This is a guest blog I wrote for Climate Progress and Skeptical Science. You may use it as a new open thread to discuss the cracking event. I will try and do a more detailed winter analysis in April, if Allah and time permit.
The sea ice cap on top of the Arctic Ocean is often imagined to be a monolithic, continuous sheet of ice floating on water. A closer look quickly shows it is rather a collection of larger and smaller pieces of sea ice. Of course, we have all seen the images of ice floes separated by open water during summer, but even during winter the ice pack gets fractured, leading to leads that quickly freeze over again. This explains how from the 1950's onwards submarines were able to emerge at the North Pole (the image on top is showing the USS Connecticut as it surfaces in the Arctic Circle on March 19th 2011; copyright: Kevin S. O'Brien, U.S. Navy). The subs couldn't break through the thick ice and had to look for a lead where the ice was thinner.
Strangely enough those who deny the reality and potential consequences of AGW still like to abuse this event and claim it somehow proves that nothing unusual is happening up North. It doesn't prove or disprove anything, as cracks and leads have always been a normal feature of the Arctic sea ice pack. But 'normal' is a word that has become less and less applicable to the Arctic in recent times. The 2012 melting season was the latest climax in a series of record years, that showed conclusively that the ice is thinner than it has been for a very long time.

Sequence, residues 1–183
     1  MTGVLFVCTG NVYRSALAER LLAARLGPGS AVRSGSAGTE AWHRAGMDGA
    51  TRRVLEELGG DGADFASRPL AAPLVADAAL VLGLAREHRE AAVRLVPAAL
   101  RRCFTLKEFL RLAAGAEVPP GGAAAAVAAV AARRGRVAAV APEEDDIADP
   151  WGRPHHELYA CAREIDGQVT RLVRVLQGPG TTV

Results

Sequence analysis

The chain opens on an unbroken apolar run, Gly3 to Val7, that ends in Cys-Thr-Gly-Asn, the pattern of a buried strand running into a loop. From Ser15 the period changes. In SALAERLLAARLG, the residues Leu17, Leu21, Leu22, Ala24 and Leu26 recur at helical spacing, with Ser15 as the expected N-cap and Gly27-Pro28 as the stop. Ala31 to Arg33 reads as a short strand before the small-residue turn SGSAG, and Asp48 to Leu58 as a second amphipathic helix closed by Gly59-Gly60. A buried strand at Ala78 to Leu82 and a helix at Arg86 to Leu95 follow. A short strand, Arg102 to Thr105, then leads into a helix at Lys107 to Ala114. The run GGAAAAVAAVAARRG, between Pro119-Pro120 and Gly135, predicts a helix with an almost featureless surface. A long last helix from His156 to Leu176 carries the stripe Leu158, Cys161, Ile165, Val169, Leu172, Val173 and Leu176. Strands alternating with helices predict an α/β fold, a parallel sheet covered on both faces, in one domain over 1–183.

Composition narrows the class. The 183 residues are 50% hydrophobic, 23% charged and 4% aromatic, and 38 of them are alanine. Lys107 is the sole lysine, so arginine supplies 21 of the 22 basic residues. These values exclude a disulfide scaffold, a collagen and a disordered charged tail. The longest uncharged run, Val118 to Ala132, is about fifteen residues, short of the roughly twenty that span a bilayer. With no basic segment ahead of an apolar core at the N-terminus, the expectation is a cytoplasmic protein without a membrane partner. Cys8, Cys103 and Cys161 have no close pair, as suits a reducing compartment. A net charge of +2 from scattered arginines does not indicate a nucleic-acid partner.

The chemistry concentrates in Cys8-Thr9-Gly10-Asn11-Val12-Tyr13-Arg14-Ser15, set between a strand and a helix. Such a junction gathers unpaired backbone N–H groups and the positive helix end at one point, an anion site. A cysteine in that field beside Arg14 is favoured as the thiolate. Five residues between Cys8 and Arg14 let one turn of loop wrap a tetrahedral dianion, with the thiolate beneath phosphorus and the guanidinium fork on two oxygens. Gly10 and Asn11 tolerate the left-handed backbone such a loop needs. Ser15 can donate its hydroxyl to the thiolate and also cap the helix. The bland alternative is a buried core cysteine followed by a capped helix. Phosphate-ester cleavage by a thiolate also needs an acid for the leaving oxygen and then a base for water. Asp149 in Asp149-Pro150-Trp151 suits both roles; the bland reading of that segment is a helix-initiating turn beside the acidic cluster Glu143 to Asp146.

We don't even have to await the coming melting season to see this re-confirmed. We can see it right now, at the end of the freezing season. Like I just said, cracks are a regular feature of the Arctic, but this video below, made by NOAA's Visualization Lab, shows a cracking event that is very rare, if not unique:
Ice, however thin, doesn't fracture by itself. It needs wind to pull the ice pack apart. This wind was provided by a big, intense and stubborn high pressure area that started about a month ago and kicked the Beaufort Gyre into action, which is an ocean circulation pattern that transports the ice in a clockwise fashion from the North American coast towards Siberia.
This short animation of ASCAT radar images shows the movement in 10 day intervals from January 1st onwards, compared to the previous three winters. The black dot represents the North Pole, the white mass below it is the northern part of the Greenland Ice Sheet, the brighter colours represent thicker multi-year ice that survived last year's melting season: